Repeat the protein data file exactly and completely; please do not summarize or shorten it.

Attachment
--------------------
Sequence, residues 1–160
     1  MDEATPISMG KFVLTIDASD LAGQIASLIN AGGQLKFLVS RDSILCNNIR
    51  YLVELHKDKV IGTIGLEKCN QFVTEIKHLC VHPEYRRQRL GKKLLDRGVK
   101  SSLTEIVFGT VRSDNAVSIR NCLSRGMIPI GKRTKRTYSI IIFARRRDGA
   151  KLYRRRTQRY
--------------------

Sequence, residues 1–160
     1  MDEATPISMG KFVLTIDASD LAGQIASLIN AGGQLKFLVS RDSILCNNIR
    51  YLVELHKDKV IGTIGLEKCN QFVTEIKHLC VHPEYRRQRL GKKLLDRGVK
   101  SSLTEIVFGT VRSDNAVSIR NCLSRGMIPI GKRTKRTYSI IIFARRRDGA
   151  KLYRRRTQRY